The contemporary abstract sculptures of Peter Brooke-Ball surprise the observer with their simple yet ambiguous beauty. The artist brings together and initiates a dialogue of stark contrasts between materials that are dissimilar from each other, using primarily stone and rope.
The passion for sculpture and the choice of stone
British artist Peter Brooke-Ball lives and works in the Sussex countryside, just a handful of kilometres south of London. He was born in India in 1951, the country where he spent his childhood, with its people and culture still influencing him to this day. On returning to England, he developed a passion for art and sculpture, studying at four art schools and universities. During the 1980s he moved away from the world of art, working as an author and editor, publishing 14 non-fiction works.
Fifteen years later he returned to sculpture, which he has been dedicated to ever since on a full-time basis. His contemporary abstract sculptures have not always used stone, as the artist started out by exploring the sculptural possibilities of other materials such as ciment fondu, plaster and concrete, then weaving in more malleable materials such as leather, canvas and lead. The attraction for the use of elements with different physical characteristics has been a hallmark of his artistic practice since the beginning.
The transition to working with stone has involved a large investment from the artist in terms of equipment, tools and workspace. The choice of this material, which quickly became his favourite, is justified by an artistic interest as well a scientific one: Peter Brooke-Ball holds a degree in Earth Sciences and also has a large collection of rocks, minerals and fossils. For his sculptures today the artist uses a wide variety of stones and rocks: alabaster, limestone, soapstone, sandstone, travertine along with Portuguese, Turkish and Italian marble.
Contemporary abstract sculptures between sensuality and enigma
“My overriding passion is purity and simplicity. I strip away superfluous marks and decoration to express simple, honest ideas. What's left can be a little scary but that is part of the purpose - to unsettle the viewer.”
The works of Peter Brooke-Ball have an immediate beauty: the curved forms of stone or wood give them an organic aspect, and the textures of materials become smooth and sensual in the hands of the artist, to the point of creating a tactile desire. The relationship to touch is sought out by the contemporary sculptor, who states: "If sculpture isn't touched, I believe that it is only half understood - it is only when a piece is handled that some of the more subtle undertones are revealed."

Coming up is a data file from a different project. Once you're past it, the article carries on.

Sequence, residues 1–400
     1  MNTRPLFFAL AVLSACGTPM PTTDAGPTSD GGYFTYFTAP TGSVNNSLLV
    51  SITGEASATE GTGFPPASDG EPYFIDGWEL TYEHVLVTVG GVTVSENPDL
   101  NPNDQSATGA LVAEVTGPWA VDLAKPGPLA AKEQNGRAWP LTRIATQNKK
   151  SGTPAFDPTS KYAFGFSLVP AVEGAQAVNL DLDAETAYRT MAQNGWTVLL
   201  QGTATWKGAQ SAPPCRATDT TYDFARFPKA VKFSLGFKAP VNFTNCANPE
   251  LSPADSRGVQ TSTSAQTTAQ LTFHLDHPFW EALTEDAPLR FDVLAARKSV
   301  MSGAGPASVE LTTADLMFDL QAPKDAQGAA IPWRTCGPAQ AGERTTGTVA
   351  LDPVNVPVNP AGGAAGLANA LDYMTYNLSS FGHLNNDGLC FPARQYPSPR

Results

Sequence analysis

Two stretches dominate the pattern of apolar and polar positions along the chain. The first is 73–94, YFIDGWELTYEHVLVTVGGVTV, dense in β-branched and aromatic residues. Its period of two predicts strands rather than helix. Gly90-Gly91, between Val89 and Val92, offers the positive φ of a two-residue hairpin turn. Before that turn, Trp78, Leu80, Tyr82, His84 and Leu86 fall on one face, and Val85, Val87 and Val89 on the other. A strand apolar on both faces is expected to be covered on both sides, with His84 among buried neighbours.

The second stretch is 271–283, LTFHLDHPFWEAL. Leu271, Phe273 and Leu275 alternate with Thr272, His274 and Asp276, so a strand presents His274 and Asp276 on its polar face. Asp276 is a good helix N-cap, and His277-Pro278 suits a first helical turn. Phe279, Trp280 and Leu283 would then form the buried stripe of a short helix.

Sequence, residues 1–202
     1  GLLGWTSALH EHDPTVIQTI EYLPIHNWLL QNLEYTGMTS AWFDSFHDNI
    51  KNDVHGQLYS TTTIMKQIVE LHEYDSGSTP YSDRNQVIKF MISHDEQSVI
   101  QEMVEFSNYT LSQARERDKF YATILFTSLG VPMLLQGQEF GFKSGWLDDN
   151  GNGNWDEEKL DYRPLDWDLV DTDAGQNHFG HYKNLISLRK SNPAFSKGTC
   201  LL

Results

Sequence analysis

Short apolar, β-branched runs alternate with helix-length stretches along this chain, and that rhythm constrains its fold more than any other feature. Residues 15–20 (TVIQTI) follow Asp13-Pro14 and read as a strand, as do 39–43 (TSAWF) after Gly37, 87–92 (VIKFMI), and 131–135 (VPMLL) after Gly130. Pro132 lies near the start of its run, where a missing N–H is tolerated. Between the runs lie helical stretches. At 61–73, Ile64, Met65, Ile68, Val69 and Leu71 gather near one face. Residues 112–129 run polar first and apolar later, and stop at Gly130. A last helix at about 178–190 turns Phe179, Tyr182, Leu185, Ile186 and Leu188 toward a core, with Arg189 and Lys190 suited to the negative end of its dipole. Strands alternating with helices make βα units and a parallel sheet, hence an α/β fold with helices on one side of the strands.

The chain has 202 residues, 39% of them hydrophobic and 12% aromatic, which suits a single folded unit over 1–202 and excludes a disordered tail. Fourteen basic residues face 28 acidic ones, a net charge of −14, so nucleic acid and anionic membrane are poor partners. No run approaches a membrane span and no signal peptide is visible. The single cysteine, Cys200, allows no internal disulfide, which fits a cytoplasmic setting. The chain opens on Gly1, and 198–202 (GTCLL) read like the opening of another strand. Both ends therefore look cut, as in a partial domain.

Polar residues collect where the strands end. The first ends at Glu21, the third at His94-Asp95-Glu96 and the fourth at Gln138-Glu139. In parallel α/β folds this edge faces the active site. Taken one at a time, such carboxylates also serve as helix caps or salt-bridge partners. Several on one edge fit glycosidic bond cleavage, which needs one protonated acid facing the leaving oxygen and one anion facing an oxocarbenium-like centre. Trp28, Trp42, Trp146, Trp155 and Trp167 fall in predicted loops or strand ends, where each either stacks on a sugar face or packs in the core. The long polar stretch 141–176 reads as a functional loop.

As a result of the use of rope which binds, restrains, and appears to 'suffocate' the stone, his contemporary abstract sculptures trigger emotional and intellectual reactions that are strong, complex and profound. Desires, fears, memories, nightmares, instincts and anxieties that were hidden and latent in the observer begin to surface, awakened by indirect references to cruelty, exploitation or pain. The interpretation of these works is not obvious, but the artist sees each piece as a precious thought that must be tied and held to protect it, and not let it slip away. In addition, the contrasting yet intimate connection between rope and stone challenges the relationship of strength and weakness between the two materials. All of these elements contribute to making the artist's works extremely enigmatic, sometimes troubling and disturbing, at other times amusing and playful.
Since the 1900s, Peter Brooke-Ball has exhibited his contemporary sculptures in galleries, fairs and sculpture gardens mostly in the United Kingdom. His works are part of private collections throughout the world as well as public collections such as those of the Museo Municipal de Orense (Spain) and the Taunton and Somerset NHS Trust Musgrove Park Hospital (United Kingdom). His work was featured in a BBC documentary in 2016. Since 2007, the artist has been a member of the Royal Society of Sculptors (MRSS), an English organisation that promotes excellence in sculpture.
- Stone sculptures
- Wood sculptures